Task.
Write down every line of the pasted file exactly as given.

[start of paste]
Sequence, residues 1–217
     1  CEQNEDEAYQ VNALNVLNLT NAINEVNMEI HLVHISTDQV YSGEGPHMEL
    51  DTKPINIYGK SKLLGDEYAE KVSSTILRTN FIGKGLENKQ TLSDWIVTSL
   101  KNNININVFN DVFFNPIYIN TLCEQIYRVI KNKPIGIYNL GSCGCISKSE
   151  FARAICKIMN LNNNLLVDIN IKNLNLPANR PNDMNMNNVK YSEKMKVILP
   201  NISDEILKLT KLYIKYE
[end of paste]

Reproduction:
Sequence, residues 1–217
     1  CEQNEDEAYQ VNALNVLNLT NAINEVNMEI HLVHISTDQV YSGEGPHMEL
    51  DTKPINIYGK SKLLGDEYAE KVSSTILRTN FIGKGLENKQ TLSDWIVTSL
   101  KNNININVFN DVFFNPIYIN TLCEQIYRVI KNKPIGIYNL GSCGCISKSE
   151  FARAICKIMN LNNNLLVDIN IKNLNLPANR PNDMNMNNVK YSEKMKVILP
   201  NISDEILKLT KLYIKYE